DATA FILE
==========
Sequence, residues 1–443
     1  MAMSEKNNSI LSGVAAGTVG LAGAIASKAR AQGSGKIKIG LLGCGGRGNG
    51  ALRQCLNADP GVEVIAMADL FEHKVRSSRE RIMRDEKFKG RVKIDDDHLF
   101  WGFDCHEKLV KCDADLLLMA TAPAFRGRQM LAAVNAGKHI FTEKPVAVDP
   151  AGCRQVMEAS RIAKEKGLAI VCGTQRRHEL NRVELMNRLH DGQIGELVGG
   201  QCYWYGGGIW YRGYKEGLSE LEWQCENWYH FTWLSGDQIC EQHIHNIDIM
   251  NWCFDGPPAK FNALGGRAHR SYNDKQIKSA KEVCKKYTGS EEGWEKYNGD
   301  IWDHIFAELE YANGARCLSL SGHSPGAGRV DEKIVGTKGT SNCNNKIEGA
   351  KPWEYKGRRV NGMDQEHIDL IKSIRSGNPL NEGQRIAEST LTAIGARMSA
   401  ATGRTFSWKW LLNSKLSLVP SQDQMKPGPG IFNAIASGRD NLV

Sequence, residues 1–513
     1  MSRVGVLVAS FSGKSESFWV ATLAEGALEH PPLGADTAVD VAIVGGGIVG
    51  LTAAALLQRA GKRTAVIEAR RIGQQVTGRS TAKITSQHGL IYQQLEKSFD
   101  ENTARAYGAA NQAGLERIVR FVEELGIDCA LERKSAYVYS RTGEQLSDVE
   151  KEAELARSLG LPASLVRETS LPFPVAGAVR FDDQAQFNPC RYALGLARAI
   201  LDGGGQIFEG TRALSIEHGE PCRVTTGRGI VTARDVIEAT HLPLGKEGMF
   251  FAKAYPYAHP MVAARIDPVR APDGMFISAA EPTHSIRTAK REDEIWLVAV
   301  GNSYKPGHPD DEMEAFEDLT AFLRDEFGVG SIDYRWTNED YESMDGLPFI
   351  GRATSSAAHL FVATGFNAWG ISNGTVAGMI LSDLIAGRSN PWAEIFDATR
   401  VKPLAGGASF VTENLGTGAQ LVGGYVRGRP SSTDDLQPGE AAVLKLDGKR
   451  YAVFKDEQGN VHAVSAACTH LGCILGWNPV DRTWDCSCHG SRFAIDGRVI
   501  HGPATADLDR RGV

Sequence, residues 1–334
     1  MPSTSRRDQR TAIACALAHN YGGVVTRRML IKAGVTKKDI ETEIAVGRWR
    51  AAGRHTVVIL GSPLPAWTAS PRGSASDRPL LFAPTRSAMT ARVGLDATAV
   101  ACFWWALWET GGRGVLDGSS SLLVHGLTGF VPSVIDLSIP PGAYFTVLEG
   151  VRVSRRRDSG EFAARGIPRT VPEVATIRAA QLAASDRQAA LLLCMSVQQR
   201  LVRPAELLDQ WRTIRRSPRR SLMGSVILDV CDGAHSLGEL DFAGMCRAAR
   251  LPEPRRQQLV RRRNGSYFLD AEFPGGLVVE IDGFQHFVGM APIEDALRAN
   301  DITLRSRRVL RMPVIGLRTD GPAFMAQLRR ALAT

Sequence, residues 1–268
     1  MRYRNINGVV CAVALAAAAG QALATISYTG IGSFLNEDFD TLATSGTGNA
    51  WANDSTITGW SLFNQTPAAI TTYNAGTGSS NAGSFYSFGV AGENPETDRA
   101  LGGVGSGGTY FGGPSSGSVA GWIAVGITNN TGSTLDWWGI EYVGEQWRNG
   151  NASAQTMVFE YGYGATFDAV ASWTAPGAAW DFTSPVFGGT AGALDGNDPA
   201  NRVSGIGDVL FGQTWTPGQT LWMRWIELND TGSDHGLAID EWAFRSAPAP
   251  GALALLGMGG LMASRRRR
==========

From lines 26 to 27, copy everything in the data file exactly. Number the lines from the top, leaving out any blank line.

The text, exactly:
   101  ACFWWALWET GGRGVLDGSS SLLVHGLTGF VPSVIDLSIP PGAYFTVLEG
   151  VRVSRRRDSG EFAARGIPRT VPEVATIRAA QLAASDRQAA LLLCMSVQQR